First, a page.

Background: Enteral nutrition (EN) is widely accepted as the preferred method for providing nutrition therapy to critically ill patients. However, optimal energy goals and the best way to achieve those goals are ill defined. Objective: To determine the type and energy concentration of commonly prescribed EN formulations and whether energy-dense formulations (> 1 kcal/mL) are used. Design: Prospective, observational, multicentre, single-day, point-prevalence study. Participants and setting: All patients present in 38 Australian and New Zealand intensive care units at 10:00 on 17 November 2010. Main outcome measures: Demographic data, admission diagnosis and information on EN administration were collected. Results: 522 patients were enrolled. Mean age was 58.7 (SD, 17.3) years, 65% were male and 79% were mechanically ventilated. On study day, 220/522 patients received EN (43%; 95% CI, 39%-48%). ICU admission source, Acute Physiology and Chronic Health Evaluation (APACHE) III diagnostic category, APACHE II score and ventilation on study day predicted receipt of EN. Of those receiving EN, 111/220 (51%; 95% CI, 44%-57%) received a 1 kcal/mL formulation and the remainder received an energy-dense formulation - 2 kcal/mL, 39/220 (18%; 95% CI, 13%-23%); and 1.5 kcal/mL, 32/220 (15%; 95% CI, 10%-20%). There were no significant predictors for receipt of energy-dense versus 1 kcal/mL EN. Conclusions: 1 kcal/mL and energy-dense formulations are administered with about equal frequency in Australian and New Zealand ICUs. This finding supports future research into the evaluation of optimal nutritional delivery amounts using EN formulations with differing energy concentrations.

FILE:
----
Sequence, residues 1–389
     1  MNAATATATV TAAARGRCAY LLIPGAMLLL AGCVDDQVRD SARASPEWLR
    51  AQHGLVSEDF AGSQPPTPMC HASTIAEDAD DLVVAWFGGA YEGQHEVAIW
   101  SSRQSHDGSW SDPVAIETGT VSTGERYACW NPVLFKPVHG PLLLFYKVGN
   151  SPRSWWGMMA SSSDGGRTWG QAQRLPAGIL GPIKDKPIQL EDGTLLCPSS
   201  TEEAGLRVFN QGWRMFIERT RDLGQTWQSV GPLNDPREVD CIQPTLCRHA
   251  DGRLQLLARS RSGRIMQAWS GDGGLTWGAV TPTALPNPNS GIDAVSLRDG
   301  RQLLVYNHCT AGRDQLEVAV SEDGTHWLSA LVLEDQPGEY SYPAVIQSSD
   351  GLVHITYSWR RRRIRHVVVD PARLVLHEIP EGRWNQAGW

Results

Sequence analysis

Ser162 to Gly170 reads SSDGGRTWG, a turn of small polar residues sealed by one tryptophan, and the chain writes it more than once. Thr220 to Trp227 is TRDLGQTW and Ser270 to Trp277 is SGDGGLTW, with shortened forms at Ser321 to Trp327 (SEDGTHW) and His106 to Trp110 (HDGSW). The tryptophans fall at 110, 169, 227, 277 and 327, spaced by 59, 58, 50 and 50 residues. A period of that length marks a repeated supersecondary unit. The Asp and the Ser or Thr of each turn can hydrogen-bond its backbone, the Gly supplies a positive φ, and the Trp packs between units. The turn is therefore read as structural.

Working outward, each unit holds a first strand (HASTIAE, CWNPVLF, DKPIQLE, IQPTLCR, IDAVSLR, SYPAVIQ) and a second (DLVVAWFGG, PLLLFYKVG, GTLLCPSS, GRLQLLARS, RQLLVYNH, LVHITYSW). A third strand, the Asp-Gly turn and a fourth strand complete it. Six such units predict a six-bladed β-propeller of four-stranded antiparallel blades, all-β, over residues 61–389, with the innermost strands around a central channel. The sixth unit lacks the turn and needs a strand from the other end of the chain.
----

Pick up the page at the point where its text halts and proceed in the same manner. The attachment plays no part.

|Number of pages||6|
|Journal||Critical Care and Resuscitation|
|Publication status||Published - 17 Sep 2012|